What I'm going to do is I'm going to create a table. I've already created the table. I'm going to just reveal it. I am creating a new table called uproduct, and it's in every shard. It's currently empty. And I'm going to say, "Please replicate from …" I have a Python script for this vproduct. You can see here, the way we are going to name this is we are going to name this materialized views, but it's actually a sharded materialized views. What I'm going to say is, basically, "Replicate all the rows that are in the product into my target." There are two targets, which is why there are two commands. These are low-level commands. You will build some more human-readable ways to do this. But today, you can do it.

If I now go and hit Refresh, boom, your product table is now replicated into your user shards. Now let's say if I insert a new product called mouse into simple insert, right, main product, mouse is inserted, instantly replicated into your target shards. And what can you do now, is you can do that big join that we talked about; it becomes a simple scatter. Just send it to user shards because the product table is now local to those shards.

Now let's talk about the other problem. The problem that name_user_idx, the index table is - I'm now going to reveal that table. It is right here, name_user_idx. This table is unpopulated. This table is going to be used to select * from user where username = 'X' because user is sharded by ID. But now my WHERE clause does not have ID; it has a username, which means that we are going to populate this table with the username as the main key and the target being the user_id. Then there is metadata, which I don't have time to go into, it's all part of the VSchema. It tells you if there is a WHERE clause with name in your user table, makes use of this index. And instead of doing a full scatter, make use of this index.

What I'm trying to do is replicate from the user table into this table. And the advantage of replication is that you're not using two PC, but it is guaranteed because replication has delivery guarantee, which means that, eventually, the row will make it into this table. I'm going to run _rename. These are, again, Python scripts, and you can see here the new select statement. It's, again, the same feature that I used previously for replicating product, but now it's a different select statement because I'm not selecting all the columns. I'm only selecting the name and the user_id.

The select statement is actually a materialization of a view. It's as if you did create view name_user_idx as select, right? Once you do this, it refreshes, and there you go. So Sougou and Demmer have shown up in name_user_idx. And now if I issue a query called, select, select * from user where name = 'Sougou', you can see that it went to the lookup, did the select, and used that result to route the query to just shard0.

Let's create a user call. What if we create a user called Rafael? Rafael is another major contributor to Vitess. So Rafael was added here and immediately shows up in name_user_idx, which means that I can now query with a username of where = 'Rafael.' All right. If I change the username, I change Sougou to Sougou1, that also gets reflected. So it's not a blind copy; it's actually a very smart system that understands what is changing, and instead of inserting new rows, it updates what is already there.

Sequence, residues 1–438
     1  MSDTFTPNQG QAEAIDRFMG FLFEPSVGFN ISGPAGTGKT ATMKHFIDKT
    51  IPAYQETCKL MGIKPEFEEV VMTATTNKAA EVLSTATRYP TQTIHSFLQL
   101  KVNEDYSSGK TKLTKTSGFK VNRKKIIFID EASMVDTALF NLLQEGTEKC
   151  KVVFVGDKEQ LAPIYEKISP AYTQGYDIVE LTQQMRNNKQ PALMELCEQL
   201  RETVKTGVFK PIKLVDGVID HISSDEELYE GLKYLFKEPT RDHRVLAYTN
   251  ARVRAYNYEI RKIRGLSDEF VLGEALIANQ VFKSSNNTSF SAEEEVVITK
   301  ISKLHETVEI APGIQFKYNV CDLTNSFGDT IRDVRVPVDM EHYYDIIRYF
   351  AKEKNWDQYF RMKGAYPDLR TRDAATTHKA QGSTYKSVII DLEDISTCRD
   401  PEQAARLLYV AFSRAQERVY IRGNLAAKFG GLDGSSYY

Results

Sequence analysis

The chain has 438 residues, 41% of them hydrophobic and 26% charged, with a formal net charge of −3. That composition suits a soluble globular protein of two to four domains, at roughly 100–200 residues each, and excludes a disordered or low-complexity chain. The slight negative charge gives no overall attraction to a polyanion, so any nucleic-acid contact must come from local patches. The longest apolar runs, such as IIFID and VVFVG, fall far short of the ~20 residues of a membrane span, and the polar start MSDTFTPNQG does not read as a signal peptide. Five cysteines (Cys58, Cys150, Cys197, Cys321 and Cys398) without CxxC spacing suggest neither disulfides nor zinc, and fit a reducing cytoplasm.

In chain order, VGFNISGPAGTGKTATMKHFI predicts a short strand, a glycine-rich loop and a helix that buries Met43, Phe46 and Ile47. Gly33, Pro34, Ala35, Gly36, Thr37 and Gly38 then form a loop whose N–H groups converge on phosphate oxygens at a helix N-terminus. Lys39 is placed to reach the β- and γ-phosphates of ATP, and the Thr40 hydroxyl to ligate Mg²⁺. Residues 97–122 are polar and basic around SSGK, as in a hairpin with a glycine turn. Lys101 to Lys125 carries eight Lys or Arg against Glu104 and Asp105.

More tricks. The last one, this is the toughest problem. This is a join where I'm joining merchant with their orders. I already explained this problem. You have to do a scatter select in all the merchants, take the result, and then scatter it to the user because the merchant could be on any user, right? If I run this query, you can see there's the scatter select. But then for each result that I got, I had to do a scatter again into the user. It's a scatter followed by nested loops scatters. Very, very expensive.

But merchants need to have their orders. I mean, it's a common query, and this needs to be solved. The way we are going to solve this is by replicating your order into the merchant database but sharded by the merchant name. It's basically a crisscross, N X N stream of the source into the destination where the target is, on the fly, re-sharded using a different key.

I'm going to run that magic command, which is vmerchant. I'm going to reveal the table now using i3, and there you go. As you can see, in the source, monoprice was in shard0 and shard1. But in the target, all monoprice orders have ended up in merchant0, and all newegg orders have ended up in merchant1. And if I go and play around with some more queries, let's see. Let's say I insert a new order that, let's say, Rafael places, so newegg order went to shard0. But in the target, it went into shard1. And now, I can do that same join, which is now super cheap because it's all a simple scatter into the merchant. And here we go. And last, again, to prove my point that this is a smart system, let's say I'm going to rename - Sougou changes his mind, changes order from monoprice to newegg. I changed the price, and there you go. That row has now moved from shard0 into shard1.

Cool. Now, what more can we do with this, if you think that this is not enough? Because this is materialized view, because Vitess understands queries, we can do roll ups, not just moving rows. We can actually do on the fly live roll-ups which means that we can do real-time stats for Vitess. Let me show you a quick demo of that.

The theoretical company here is a company that's collecting click data. It has IDs, user_ids, they have some tenants, and etc. Basically, wide rows that have lots of columns. But what they are collecting this data for is so that they can later do analytics to report on what trend is happening and stuff like that. Typically, this data goes into columnar stores. And columnar stores are good for use cases where your analytics queries touch one, two or three columns. But if your queries become more complex, your columnar stores start to run out of steam. You are better off actually bringing some of the data back into row-based storage, which is actually the use case that I'm showing here. I'm going to insert some random events here.